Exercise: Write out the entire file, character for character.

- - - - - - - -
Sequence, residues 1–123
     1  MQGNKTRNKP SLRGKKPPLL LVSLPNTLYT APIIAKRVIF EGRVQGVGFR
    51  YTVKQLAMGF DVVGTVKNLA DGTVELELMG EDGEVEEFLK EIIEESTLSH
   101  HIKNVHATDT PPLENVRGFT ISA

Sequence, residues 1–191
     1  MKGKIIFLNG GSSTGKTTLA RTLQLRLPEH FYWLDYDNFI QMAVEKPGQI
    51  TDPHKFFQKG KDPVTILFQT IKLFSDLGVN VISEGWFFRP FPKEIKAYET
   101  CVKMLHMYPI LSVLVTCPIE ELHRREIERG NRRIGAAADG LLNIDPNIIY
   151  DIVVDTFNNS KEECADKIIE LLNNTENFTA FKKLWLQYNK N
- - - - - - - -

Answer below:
Sequence, residues 1–123
     1  MQGNKTRNKP SLRGKKPPLL LVSLPNTLYT APIIAKRVIF EGRVQGVGFR
    51  YTVKQLAMGF DVVGTVKNLA DGTVELELMG EDGEVEEFLK EIIEESTLSH
   101  HIKNVHATDT PPLENVRGFT ISA

Sequence, residues 1–191
     1  MKGKIIFLNG GSSTGKTTLA RTLQLRLPEH FYWLDYDNFI QMAVEKPGQI
    51  TDPHKFFQKG KDPVTILFQT IKLFSDLGVN VISEGWFFRP FPKEIKAYET
   101  CVKMLHMYPI LSVLVTCPIE ELHRREIERG NRRIGAAADG LLNIDPNIIY
   151  DIVVDTFNNS KEECADKIIE LLNNTENFTA FKKLWLQYNK N